There are multiple types of permanent life insurance. The main differences are the cost and how the policy’s cash value grows. Here are the most common forms of permanent coverage:

  • Whole life insurance provides a guaranteed benefit, a guaranteed earnings rate on your cash value and a consistent premium. Some whole life policies can also earn dividends based on the company’s financial performance. Whole life is the most basic permanent life insurance and has little risk.
  • Universal life insurance is a flexible plan that lets you adjust the premiums using cash value. Many policies also allow you to change the death benefit. However, one risk with universal life is your policy could lapse if you don't have enough cash value or if interest rates drop. Newer types of universal life insurance often have guarantees to ensure that this doesn't happen. 
  • Variable life insurance ties your policy to an investment. The performance of the investment directly impacts your death benefit. Variable life is one of the riskiest forms of permanent life insurance.
  • Variable universal life insurance is a hybrid of variable life and universal life insurance. It allows you to adjust your premiums and death benefit and invest your policy premiums. Variable universal life insurance provides flexibility, but it can also be risky, depending on the investments you choose. 
  • Final expense insurance provides a small amount of coverage for people who want to help their loved ones pay for their end-of-life expenses. Most final expense insurance policies are available without a medical exam and provide up to $50,000 in coverage. The premiums are fixed and the death benefit is guaranteed. In most cases, these policies also build cash value.

Life insurance cash value

One perk of permanent life insurance is that it can double as a savings account by generating cash value. With each premium payment, some money goes toward cash value, which grows based on a predetermined interest rate. You can borrow or withdraw the money while still living, but there are conditions.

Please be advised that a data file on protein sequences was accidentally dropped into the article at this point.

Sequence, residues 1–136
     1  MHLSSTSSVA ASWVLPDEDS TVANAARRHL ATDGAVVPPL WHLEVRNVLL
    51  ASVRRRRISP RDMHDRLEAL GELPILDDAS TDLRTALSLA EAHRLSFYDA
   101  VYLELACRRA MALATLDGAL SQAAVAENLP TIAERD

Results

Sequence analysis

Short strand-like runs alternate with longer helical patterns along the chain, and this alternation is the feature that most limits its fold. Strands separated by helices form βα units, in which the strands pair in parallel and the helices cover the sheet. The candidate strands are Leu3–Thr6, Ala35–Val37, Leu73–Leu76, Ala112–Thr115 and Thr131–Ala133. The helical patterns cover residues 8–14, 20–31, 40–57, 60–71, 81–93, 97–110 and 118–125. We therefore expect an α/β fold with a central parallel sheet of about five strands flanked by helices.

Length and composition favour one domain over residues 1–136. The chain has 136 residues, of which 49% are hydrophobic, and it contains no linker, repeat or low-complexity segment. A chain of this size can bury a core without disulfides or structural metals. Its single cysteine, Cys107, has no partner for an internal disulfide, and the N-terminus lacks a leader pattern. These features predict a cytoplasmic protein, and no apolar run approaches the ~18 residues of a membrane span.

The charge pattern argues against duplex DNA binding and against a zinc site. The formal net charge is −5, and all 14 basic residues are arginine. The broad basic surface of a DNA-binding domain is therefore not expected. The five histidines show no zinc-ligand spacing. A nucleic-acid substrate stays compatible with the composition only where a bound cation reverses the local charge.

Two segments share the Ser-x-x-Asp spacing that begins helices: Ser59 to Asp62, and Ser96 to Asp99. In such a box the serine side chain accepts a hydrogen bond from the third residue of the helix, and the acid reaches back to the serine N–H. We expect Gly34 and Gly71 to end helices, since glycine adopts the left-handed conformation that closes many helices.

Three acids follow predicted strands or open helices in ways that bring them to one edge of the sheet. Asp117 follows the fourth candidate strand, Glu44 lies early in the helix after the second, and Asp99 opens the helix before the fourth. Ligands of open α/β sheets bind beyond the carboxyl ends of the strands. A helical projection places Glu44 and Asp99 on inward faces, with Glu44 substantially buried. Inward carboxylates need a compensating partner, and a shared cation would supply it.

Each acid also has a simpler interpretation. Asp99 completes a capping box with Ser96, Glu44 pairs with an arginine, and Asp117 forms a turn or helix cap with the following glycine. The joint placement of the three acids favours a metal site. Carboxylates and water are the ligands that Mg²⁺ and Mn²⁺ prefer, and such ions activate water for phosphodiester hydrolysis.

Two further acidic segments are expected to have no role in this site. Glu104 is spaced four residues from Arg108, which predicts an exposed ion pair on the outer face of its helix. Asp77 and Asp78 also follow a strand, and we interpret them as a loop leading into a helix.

For instance, imagine that you need major surgery and need to pay a medical bill. You could withdraw some of your cash value to pay it off.

However, be aware of the limitations around borrowing or withdrawing cash value. When you borrow the money, the insurance company essentially gives you a loan. You must pay the money back with interest. 

Another thing to know about cash value is that your beneficiary usually does not get to keep the money after you pass away. If you don’t use the cash value from your policy while living, the money goes back to the insurance company.

How to convert from a term life policy to a permanent life plan

Many term life policies can be converted to permanent ones when the initial term ends. Plus, you don’t need to take another medical exam, even if your health has changed since purchasing the term life policy. 

Depending on your life insurance company, you may have to start the conversion process before your initial term ends or before you reach a certain age. For instance, you might have to switch to permanent life insurance before you turn 65; otherwise, you lose the ability to convert the policy.

Converting a term life policy can be a good way to keep your coverage in force and lock in coverage for the rest of your life. However, remember that permanent life insurance premiums are based on age. So, you’ll pay higher premiums if you convert the policy when you’re 65 than if you convert the policy at 45.

Find out more about why converting to a permanent life insurance plan may work for you.

How to buy permanent life insurance

To buy permanent life insurance, shop around and get quotes from various insurers. The cost of permanent life insurance differs for each individual, but insurance companies also have different rates.

Unlike term life insurance, many permanent life insurance policies can’t be purchased online. Depending on the insurance company, you may need to contact an agent to get a quote and apply for a policy.

Some policies require a medical exam. This usually involves a general physical and blood draw.

There’s usually a few weeks to a month waiting while the underwriter reviews your application and your exam results. Your coverage takes effect once you’re approved and you pay the first premium.